Maybe the odds of success in a clinical trial aren’t as miserable as just about everyone in the biopharma R&D sector assumes.
MIT professor Andrew Lo and his team crunched the results on more than 185,000 clinical trials involving 21,000 compounds — courtesy of some new techniques in Big Data analysis — and found that nearly 14% of the drugs that make it to the clinic actually go on to an approval.
Compare that to the 5% success rate that AstraZeneca just cited in evaluating its own success rate — or the 9.6% figure cited by BIO and Biomedtracker that often gets bandied about — and you’ll see Lo is coming up here with a significantly higher success ratio than the industry is used to seeing.
Why is this important? Lo is a noted expert in the field of biotech risk, and he wanted to break out the numbers on which programs had the best rate of success, and what tracked worse, in order to help execs better understand the odds they faced. And the number bears a big influence on the whole discussion about the industry’s ROI, which by all accounts has been shrinking over the past decade.
Lo, the director of MIT’s Laboratory for Financial Engineering, puts it this way:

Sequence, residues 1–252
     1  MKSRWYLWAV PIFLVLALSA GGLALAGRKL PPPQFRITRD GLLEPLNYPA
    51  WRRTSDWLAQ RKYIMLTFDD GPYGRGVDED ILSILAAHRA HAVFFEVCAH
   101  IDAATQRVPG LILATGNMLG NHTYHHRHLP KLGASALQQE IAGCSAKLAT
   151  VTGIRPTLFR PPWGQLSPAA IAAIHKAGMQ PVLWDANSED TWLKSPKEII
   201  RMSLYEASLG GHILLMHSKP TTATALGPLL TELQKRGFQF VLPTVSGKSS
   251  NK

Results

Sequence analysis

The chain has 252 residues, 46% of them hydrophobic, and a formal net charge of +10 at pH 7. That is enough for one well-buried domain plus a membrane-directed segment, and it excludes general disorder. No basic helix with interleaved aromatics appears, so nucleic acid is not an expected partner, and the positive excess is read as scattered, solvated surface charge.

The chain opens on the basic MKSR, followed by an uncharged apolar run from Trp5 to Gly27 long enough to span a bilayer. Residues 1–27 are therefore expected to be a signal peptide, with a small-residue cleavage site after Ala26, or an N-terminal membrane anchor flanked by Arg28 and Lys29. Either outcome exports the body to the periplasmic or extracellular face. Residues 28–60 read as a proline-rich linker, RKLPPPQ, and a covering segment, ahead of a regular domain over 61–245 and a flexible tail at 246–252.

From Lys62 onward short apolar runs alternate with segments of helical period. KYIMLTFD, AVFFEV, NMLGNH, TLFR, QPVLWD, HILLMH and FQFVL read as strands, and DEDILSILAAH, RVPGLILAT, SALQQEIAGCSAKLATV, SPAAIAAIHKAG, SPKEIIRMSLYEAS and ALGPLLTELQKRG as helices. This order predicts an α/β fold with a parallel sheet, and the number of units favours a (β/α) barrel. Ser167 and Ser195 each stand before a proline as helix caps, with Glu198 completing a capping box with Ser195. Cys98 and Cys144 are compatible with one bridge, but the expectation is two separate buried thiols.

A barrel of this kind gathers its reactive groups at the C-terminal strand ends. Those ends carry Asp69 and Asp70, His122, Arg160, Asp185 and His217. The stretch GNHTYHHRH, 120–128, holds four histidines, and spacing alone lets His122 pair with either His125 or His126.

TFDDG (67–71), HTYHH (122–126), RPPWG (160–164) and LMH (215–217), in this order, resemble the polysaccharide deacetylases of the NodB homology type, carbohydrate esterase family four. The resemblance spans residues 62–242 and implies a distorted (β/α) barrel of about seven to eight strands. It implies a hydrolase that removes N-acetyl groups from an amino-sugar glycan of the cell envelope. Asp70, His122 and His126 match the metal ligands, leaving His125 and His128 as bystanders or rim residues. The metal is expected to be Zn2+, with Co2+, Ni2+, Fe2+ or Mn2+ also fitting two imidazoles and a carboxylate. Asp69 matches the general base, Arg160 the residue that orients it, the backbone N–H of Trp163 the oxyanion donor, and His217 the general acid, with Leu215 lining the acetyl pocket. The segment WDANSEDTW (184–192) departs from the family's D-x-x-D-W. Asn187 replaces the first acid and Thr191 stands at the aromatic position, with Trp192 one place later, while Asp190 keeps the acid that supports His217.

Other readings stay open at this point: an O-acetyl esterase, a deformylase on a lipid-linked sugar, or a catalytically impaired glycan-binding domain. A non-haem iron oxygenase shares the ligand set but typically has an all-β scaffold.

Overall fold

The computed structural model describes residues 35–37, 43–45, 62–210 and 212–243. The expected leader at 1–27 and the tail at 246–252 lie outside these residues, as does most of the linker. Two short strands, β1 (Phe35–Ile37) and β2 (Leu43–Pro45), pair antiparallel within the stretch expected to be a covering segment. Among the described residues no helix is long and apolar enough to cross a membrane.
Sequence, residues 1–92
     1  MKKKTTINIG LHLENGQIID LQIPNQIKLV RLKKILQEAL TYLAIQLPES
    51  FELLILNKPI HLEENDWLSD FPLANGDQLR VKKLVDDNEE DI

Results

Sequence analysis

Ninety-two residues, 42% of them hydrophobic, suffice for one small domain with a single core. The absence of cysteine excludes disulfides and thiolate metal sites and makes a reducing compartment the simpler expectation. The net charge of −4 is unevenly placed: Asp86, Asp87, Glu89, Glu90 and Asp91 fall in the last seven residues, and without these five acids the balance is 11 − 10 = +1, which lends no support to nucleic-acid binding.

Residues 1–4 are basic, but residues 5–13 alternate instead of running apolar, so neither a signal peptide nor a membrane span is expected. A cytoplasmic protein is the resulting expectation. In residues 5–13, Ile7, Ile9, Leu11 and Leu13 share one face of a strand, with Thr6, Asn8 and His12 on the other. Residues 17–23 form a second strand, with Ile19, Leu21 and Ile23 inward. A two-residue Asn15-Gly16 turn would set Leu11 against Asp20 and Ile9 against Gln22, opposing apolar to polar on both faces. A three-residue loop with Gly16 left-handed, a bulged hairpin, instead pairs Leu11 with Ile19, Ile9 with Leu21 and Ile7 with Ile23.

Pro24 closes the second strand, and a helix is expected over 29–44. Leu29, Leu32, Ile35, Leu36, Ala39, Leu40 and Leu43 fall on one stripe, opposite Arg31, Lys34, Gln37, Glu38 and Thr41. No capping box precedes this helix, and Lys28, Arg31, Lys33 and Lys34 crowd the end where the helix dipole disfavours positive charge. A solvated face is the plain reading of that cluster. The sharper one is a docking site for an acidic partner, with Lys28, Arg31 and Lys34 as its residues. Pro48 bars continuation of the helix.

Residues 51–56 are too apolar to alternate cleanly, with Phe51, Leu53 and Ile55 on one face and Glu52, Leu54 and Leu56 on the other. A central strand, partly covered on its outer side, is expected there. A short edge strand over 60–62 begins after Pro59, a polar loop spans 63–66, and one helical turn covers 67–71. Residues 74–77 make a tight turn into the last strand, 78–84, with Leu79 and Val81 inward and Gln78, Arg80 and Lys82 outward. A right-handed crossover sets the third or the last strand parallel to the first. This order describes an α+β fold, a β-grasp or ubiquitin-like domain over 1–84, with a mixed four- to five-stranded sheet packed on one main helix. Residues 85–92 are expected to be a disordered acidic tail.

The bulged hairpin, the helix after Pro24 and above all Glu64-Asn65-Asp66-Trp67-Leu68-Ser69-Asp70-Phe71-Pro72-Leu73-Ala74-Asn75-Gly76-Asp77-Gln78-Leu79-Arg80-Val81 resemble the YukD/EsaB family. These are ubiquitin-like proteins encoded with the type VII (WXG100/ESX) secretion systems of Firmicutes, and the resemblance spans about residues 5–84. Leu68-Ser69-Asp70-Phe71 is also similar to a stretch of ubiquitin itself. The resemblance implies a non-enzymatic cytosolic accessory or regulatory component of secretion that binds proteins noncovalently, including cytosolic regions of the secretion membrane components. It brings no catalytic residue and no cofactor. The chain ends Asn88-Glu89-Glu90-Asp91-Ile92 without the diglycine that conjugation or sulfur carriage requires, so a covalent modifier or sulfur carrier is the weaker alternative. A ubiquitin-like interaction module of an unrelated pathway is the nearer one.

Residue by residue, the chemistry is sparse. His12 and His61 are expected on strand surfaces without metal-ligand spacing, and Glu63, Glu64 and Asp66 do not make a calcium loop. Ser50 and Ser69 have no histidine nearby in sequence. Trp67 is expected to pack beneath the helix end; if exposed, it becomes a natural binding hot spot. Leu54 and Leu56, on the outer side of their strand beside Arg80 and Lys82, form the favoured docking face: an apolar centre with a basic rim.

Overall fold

One of the main responsibilities of investors and pharma executives is risk management, hence they need to know what the chances are that a compound will transition from Phase 1 to Phase 2 to Phase 3 and, ultimately, receive FDA approval. Without accurate and timely estimates, resources may be misallocated and financial returns may be misjudged, which leads to higher development costs, higher-priced drugs, and lost opportunities for investors and, more importantly, patients.
Top marks go to infectious disease vaccines, which had a one in three chance of success. Cancer drugs had an awful 3.4% success rate.
That too, is a figure that will likely turn a few heads in the R&D game. Cancer has been attracting the lion’s share of the investment cash that’s been funneled into R&D circles in recent years, by every measure. And indeed Lo notes that with the arrival of the I/O drugs commanding so much attention, the success rate climbed in 2015 to 8.3%.
And Lo plans to keep on tracking the numbers for the industry, offering some help in setting the odds for success.
“It’s kind of like the difference between driving with GPS today versus driving 20 years ago when maps and friends were the only navigational tools at our disposal,” Lo observes. “Our goal is to show all stakeholders the lay of the land so that they can make more informed decisions about where and how to direct their resources.”
But not everyone is satisfied that Lo has captured the right approach.
Not a surprise – but horribly misleading. Positive trials are heavily biased to predicated MoAs https://t.co/rMMXDKj0dc
— David Grainger (@sciencescanner) February 1, 2018
Image: Andrew Lo. MIT Sloan School
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